As I pen this, it’s dark and early the morning of March 13, a day that was full of excitement and anticipation.
Instead, I woke up to a deep feeling of utter disappointment.
It was supposed to be the beginning of the climb to the top of the wooden podium that represents a champion in the wrestling world. A climb that actually began for my son, Kyle Briggs, nearly two decades ago.
It was setup so that climb to the top step would happen here, in his hometown surrounded by a large group of family, friends, former coaches, teammates and even opponents who helped him along his journey.
Instead, those hopes and opportunities were stripped away from him and so many athletes around the country when the NCAA canceled all winter and spring championships, including the Division III tournament scheduled for the U.S. Cellular Center.
I want to feel anger and rage, but I’m not quite sure where to direct it.
Do I focus my anger to the directors of the college conference basketball tournaments who chose to suspend play in the middle of games and send everyone home? Do I blame NCAA President Mark Emmert and the board of governors who might have based their decision to stop play from a legal point of view?
Do I blame a society full of greedy people ready to sue and full of ambulance-chasing lawyers?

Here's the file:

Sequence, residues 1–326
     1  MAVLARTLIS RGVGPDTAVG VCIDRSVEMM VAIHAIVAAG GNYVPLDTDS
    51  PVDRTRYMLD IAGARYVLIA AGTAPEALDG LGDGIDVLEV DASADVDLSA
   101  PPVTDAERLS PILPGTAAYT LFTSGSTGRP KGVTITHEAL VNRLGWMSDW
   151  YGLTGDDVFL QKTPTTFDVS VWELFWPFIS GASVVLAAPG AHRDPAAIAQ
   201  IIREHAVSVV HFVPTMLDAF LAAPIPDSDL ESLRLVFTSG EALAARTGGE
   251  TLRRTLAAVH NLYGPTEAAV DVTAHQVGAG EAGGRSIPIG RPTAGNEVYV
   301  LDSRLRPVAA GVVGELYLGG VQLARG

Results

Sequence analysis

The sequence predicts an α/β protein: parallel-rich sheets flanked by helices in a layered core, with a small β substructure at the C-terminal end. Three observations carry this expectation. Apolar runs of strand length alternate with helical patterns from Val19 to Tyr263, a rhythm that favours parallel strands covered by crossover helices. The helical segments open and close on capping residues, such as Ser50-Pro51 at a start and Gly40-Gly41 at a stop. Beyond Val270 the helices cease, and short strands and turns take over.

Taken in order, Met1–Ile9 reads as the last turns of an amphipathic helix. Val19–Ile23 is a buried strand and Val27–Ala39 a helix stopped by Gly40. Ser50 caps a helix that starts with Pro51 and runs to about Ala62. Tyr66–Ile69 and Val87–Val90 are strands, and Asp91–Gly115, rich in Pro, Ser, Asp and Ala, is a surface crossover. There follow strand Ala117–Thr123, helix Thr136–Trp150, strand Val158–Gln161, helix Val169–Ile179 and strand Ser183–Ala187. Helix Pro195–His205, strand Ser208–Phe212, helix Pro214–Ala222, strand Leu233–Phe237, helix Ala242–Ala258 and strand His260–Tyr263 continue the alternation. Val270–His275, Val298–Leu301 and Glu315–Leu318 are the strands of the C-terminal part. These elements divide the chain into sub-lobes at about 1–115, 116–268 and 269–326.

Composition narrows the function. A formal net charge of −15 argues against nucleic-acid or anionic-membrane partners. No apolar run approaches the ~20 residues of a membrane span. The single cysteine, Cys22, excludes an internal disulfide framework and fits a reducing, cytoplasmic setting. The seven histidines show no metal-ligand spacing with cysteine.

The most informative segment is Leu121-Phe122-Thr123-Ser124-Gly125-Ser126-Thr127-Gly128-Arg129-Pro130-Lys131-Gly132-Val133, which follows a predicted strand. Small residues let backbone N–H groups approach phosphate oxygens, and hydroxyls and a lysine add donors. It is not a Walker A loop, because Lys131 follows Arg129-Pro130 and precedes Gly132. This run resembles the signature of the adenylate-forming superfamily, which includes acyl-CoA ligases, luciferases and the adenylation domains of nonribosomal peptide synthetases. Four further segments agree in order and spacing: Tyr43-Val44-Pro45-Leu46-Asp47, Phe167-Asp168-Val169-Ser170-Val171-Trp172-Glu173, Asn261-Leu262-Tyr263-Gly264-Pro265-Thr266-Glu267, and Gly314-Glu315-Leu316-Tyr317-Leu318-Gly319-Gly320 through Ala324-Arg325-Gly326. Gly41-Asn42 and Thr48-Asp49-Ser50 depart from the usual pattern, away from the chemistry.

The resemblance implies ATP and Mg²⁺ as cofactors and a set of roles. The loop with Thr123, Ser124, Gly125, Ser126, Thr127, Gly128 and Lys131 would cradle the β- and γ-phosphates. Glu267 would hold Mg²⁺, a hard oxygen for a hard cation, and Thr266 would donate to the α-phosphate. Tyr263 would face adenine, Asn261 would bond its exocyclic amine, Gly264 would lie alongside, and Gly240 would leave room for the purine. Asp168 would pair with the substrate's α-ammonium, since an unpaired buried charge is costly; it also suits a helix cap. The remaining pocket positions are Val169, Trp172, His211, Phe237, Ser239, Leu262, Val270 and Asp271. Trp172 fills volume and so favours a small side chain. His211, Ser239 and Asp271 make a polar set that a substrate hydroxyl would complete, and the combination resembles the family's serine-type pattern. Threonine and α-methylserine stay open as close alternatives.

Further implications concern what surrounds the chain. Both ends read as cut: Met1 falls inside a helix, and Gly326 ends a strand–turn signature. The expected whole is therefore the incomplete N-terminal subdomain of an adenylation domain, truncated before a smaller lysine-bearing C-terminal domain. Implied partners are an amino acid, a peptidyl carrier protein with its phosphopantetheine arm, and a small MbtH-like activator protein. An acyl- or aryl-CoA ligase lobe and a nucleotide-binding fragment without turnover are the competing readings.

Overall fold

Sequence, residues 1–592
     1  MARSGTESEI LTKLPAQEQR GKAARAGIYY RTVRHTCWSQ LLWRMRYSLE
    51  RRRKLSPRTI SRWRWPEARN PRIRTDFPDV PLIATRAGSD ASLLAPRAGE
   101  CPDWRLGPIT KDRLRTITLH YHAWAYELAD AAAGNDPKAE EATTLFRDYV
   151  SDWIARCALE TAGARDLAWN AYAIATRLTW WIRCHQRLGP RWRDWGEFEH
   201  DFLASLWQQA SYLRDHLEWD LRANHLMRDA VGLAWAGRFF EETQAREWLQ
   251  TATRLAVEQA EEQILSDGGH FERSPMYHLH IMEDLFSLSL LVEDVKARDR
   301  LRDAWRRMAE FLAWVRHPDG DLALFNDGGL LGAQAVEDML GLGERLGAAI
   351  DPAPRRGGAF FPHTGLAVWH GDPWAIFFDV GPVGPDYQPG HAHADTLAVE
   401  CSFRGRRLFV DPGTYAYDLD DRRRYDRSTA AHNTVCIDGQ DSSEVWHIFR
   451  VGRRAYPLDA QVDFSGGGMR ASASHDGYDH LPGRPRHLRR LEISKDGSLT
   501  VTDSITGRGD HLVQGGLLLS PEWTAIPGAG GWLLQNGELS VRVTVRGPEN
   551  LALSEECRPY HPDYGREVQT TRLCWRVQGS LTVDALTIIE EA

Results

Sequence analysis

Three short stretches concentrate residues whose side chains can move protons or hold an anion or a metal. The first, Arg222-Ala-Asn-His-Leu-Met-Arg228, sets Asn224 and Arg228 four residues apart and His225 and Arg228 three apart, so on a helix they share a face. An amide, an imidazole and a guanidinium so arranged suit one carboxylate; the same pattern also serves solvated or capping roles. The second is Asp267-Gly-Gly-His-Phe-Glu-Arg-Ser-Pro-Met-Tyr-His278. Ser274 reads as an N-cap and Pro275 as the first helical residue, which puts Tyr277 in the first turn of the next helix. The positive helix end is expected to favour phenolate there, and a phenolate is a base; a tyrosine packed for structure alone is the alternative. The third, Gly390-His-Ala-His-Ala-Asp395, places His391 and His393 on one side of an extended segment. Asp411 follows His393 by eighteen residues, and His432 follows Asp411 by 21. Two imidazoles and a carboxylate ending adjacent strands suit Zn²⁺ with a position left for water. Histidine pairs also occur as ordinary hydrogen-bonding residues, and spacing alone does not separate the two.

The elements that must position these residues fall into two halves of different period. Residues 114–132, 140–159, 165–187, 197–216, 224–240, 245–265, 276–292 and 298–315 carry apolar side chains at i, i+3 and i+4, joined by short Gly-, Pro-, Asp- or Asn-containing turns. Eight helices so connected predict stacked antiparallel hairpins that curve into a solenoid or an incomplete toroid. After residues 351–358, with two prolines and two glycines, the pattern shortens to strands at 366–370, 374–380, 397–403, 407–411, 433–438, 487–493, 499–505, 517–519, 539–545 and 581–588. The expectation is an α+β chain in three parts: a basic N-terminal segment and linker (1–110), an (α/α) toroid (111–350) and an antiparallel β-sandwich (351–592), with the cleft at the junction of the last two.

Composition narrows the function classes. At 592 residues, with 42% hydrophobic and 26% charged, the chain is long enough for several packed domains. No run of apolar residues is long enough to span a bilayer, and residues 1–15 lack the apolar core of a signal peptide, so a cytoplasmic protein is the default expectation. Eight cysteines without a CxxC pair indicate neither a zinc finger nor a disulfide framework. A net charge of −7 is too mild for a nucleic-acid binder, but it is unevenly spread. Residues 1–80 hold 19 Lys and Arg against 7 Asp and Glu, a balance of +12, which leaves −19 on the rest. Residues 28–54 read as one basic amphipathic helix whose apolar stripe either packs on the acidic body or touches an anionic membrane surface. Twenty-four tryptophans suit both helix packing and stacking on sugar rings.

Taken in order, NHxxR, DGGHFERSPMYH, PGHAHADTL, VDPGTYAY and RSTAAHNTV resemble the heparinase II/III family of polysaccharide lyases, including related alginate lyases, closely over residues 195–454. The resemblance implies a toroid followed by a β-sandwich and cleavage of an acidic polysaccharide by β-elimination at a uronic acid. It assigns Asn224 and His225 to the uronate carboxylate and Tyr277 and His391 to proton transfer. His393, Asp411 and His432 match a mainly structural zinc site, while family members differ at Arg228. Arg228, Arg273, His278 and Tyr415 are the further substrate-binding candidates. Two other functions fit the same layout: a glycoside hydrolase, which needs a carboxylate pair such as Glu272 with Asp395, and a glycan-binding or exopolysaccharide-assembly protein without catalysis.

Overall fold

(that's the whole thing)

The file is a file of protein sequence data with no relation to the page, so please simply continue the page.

Maybe it stings more because the start of the tournament was so close. The mats were laid, the tables and scoreboards were in place. Teams and coaches were in town and doing their pre-competition workouts and weight checks.
Kyle, a junior at Wartburg who was seeded second in the national tournament, was down to weight, confident, ornery and comfortably sitting in our living room 16 hours before the tournament was set to begin, dreaming of gold.
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Then, you realize there is certainly an opportunity — maybe a likelihood — this virus that has spread around the world could endanger people. If there is no widespread illness in Cedar Rapids, many will say “postponing worked” and others will say “see it was never a threat, and we could have held the tournament anyway.”
In the end, I sit back and say it is what it is. It is completely out of our hands and, for the moment, my family is safe from this illness.
Is there anything more important than that?
Still, it’s personal. Still, it hurts.
Dick Briggs is a retired high school teacher and wrestling coach at Cedar Rapids Washington and Jefferson.